LAKE CHARLES, LA (KPLC) - It's a three man race for Louisiana Public Service Commission District 4 to fill the unexpired term of Dale Sittig who resigned. The man elected will represent much of central Louisiana on the board that oversees utility businesses such as electricity, telephones and trucking.
The candidates are former U.S. Rep. Clyde Holloway, of Forest Hill; State Senator Joe McPherson, of Woodworth; and former State rep. Gil Pinac, of Crowley. It's the PSC's job to regulate utilities-- a role increasingly important for consumers struggling with higher rates and concerning economic development.
The PSC was recently asked to take up the issue of Lake Charles Cogeneration, a $2 billion development for the Lake area, and the apparent impasse as the company attempts to get utility companies to buy the substitute natural gas it will make.
The commission refused to open a formal case on the matter, which McPherson says was the wrong decision. "A project that's going to put over a billion dollars into the economy immediately that has the potential to do hundreds of jobs and the advocates say will save rate payers $400 million, I think that's a good precedent to set. I think if there was ever a case for opening a docket and setting a precedent that this would be it."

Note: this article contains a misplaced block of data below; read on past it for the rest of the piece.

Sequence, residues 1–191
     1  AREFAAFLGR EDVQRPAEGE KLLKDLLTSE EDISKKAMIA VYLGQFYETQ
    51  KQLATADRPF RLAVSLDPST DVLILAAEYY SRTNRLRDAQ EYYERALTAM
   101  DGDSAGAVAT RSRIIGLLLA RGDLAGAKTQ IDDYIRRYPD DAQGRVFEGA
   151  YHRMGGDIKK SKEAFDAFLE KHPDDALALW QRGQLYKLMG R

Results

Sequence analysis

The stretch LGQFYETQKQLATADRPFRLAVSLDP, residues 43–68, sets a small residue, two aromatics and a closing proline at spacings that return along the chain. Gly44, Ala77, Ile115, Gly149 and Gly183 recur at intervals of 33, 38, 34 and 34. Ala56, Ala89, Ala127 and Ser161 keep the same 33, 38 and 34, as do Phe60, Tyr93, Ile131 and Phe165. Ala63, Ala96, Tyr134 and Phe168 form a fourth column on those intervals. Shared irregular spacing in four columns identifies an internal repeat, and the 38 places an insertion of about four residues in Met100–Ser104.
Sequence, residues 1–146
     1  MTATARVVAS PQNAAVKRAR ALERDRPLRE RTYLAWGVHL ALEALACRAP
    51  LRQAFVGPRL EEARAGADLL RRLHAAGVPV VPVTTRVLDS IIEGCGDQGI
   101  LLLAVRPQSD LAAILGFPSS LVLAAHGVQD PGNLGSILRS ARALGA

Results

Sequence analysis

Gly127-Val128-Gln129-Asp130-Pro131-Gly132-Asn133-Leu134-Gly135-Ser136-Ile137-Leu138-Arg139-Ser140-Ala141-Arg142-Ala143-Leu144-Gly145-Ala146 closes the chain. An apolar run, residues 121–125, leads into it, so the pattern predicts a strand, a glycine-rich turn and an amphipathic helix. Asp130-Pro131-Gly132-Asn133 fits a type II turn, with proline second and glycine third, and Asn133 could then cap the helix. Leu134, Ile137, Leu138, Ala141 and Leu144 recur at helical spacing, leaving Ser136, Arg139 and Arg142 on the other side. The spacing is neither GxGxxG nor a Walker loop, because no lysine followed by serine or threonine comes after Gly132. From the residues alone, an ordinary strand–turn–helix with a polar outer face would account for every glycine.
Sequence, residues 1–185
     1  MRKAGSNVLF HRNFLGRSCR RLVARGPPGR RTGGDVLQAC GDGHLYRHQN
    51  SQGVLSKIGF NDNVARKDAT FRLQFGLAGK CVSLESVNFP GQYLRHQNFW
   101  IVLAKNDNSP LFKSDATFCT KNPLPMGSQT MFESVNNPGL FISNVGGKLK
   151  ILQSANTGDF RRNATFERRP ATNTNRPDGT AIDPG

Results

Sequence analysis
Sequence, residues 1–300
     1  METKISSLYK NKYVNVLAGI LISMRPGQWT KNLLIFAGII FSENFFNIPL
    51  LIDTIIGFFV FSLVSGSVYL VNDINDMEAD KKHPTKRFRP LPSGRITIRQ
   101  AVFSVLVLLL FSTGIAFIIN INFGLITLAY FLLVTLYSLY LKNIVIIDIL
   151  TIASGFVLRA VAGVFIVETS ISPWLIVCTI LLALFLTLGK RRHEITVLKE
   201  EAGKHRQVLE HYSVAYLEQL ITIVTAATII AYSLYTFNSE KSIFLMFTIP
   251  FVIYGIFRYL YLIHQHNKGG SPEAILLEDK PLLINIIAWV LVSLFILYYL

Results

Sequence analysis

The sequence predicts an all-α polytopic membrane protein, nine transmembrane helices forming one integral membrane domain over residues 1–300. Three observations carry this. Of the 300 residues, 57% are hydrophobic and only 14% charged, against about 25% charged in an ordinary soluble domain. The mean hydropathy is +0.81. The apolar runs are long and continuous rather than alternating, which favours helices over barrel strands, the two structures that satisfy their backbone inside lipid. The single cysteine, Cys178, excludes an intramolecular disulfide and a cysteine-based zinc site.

At a recent forum Holloway and Pinac said they want to do more research. Said Pinac, "The utility companies are saying that the cost of the generated power is more than what they could buy it for on the open market. There's questions as far as whether that is correct. I would like to find out some more information about that. "
Holloway said, "I have not made a decision on supporting or not supporting but it will be the number one agenda issue when I get on the commission to look at it, to study it, to find out. If it was a one way street it would be easy. Whoever's elected could play a key role in deciding the PSC handling of Lake Charles Cogeneration.
Another key issue for the future includes improving the infrastructure that supplies power especially considering what the state goes through in the aftermath of a hurricane.